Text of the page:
After the surprising success of "Blade," it's no surprise that four years later a sequel was spawned. A new director in tow, "Blade II" is the typical sequel, a lesser version of the original. That's not saying that the film is a failure, just a step down due to a few missteps and some really nasty CG work.
Slowly, the vampire ranks are dwindling due a new super-breed of the species called the Reapers. Genetically altered, this new strain is almost unstoppable. Left with no other choice, the vampires request the assistance of Blade (Wesley Snipes) in order to help them survive. The question is, can the Blade trust the vampires and can they trust Blade?
For those who unfortunately missed out on the original, a quick synopsis plays over the credits to get you up to speed. It doesn't cover everything, but you'll get the basics. What it fails to explain is how Blade's mentor Whistler (Kris Kristofferson) managed to survive. After committing suicide in the first "Blade," it's kind of hard to swallow that he has been brought back no worse for the wear.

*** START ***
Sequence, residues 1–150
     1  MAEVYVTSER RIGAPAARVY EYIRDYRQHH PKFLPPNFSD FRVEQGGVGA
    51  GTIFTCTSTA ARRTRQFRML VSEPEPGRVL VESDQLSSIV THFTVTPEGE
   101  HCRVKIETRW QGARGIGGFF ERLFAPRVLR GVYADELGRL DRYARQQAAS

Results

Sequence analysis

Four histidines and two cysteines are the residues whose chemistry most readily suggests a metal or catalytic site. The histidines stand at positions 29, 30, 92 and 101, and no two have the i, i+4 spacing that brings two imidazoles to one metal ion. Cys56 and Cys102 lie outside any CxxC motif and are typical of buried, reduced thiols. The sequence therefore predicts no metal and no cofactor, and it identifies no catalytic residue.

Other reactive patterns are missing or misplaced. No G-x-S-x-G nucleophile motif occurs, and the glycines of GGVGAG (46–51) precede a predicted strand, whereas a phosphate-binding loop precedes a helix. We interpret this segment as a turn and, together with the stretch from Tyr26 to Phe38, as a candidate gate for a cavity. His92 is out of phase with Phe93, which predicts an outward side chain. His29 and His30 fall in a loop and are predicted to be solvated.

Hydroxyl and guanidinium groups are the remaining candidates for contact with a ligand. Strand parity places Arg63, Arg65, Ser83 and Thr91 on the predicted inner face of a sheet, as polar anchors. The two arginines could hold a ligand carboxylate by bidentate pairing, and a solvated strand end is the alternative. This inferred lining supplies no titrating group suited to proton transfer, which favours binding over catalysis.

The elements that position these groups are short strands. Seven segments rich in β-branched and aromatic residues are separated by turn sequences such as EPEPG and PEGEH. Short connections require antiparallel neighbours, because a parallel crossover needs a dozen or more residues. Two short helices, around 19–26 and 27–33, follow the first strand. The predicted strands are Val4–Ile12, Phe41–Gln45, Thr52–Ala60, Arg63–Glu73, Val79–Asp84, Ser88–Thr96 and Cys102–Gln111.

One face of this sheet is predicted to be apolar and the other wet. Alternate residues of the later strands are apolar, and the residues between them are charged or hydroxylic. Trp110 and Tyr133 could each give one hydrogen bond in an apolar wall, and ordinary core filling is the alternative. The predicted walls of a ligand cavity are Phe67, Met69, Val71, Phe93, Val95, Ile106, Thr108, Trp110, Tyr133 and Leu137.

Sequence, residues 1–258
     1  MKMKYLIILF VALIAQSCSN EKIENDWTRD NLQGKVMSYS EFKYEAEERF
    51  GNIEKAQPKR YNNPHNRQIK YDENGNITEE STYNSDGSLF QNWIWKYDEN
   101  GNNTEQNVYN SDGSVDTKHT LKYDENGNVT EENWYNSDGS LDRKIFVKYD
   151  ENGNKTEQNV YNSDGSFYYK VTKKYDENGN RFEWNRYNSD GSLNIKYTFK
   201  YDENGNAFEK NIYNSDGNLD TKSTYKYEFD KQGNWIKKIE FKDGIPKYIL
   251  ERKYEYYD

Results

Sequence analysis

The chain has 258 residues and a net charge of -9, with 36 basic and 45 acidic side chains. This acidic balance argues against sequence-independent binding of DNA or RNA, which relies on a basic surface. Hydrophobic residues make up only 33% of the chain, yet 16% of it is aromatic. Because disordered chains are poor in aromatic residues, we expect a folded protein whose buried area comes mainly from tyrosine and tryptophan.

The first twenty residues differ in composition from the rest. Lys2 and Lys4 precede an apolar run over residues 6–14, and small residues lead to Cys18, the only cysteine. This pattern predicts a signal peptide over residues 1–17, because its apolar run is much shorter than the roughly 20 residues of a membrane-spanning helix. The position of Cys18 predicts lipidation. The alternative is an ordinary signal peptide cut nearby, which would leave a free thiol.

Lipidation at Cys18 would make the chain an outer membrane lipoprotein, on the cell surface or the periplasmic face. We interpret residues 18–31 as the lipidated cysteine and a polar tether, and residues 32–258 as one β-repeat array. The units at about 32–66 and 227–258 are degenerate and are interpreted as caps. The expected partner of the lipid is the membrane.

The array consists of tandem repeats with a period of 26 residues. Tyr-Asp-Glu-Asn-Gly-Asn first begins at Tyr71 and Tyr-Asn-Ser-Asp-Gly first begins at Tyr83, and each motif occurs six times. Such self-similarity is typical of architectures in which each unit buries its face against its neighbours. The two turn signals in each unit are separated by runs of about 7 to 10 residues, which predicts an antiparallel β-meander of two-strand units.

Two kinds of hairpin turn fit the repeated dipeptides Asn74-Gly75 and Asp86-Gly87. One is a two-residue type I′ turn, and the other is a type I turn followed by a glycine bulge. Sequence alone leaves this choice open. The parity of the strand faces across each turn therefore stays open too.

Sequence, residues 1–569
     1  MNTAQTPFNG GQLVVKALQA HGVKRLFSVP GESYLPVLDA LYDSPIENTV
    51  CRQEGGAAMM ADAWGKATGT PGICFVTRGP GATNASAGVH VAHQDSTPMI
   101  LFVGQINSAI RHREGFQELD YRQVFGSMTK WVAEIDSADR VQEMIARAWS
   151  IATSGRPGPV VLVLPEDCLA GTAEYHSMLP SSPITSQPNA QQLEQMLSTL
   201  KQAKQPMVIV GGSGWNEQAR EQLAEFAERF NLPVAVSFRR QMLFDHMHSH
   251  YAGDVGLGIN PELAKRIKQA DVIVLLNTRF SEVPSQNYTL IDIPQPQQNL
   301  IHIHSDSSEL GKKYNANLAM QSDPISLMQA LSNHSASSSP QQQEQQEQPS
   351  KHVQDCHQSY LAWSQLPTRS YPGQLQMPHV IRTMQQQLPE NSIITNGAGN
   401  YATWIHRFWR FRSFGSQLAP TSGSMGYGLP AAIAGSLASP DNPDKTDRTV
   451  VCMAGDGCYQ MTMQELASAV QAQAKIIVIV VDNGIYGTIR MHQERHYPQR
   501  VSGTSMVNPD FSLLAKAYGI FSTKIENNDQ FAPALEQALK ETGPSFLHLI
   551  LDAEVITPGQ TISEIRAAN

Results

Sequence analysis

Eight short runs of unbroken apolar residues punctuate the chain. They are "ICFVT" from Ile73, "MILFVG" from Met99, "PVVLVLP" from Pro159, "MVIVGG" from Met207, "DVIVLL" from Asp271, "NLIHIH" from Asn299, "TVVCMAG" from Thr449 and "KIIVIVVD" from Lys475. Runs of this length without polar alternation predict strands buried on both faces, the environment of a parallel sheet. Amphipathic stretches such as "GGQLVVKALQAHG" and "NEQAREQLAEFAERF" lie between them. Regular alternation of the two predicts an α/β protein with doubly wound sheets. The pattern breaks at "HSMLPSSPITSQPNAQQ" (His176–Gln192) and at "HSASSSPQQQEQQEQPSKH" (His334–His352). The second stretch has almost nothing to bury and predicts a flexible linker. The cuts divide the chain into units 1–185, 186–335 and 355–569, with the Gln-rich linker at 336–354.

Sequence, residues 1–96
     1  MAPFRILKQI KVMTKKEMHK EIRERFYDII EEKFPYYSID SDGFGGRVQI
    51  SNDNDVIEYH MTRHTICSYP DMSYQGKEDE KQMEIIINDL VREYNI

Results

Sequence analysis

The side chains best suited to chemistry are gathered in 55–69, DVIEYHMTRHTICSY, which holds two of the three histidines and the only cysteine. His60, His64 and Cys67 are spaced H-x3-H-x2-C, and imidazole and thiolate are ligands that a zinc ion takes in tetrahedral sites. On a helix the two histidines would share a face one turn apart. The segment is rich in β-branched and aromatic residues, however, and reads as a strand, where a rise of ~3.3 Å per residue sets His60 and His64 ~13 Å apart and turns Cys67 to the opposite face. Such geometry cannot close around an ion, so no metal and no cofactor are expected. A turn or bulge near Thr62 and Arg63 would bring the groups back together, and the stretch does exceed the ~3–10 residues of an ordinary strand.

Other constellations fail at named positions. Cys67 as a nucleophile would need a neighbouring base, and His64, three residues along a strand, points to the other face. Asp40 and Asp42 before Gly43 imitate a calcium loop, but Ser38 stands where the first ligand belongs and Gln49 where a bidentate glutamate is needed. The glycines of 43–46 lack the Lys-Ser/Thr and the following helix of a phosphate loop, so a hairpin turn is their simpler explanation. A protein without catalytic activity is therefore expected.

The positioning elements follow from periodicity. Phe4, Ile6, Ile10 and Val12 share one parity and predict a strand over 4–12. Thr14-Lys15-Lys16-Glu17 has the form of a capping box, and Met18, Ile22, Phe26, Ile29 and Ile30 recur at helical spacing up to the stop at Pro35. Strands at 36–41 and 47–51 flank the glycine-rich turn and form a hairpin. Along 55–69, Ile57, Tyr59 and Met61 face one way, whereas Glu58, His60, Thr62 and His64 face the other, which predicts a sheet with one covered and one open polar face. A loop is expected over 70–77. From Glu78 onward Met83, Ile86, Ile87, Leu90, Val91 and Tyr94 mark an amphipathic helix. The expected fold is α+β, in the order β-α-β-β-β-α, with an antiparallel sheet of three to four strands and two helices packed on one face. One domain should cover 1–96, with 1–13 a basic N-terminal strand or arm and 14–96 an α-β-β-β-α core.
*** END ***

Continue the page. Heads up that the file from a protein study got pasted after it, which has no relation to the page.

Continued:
One character that fails to return completely is Karen Jenson (played by N'Bushe Wright). Considering her serum is the one that brings Whistler back around, it would be nice to at least hear her name spoken at some point. There's not even an explanation for her absence. Adding to the obvious issues are the easily spotted plot twists. It doesn't take long to figure out who is going to turn on whom.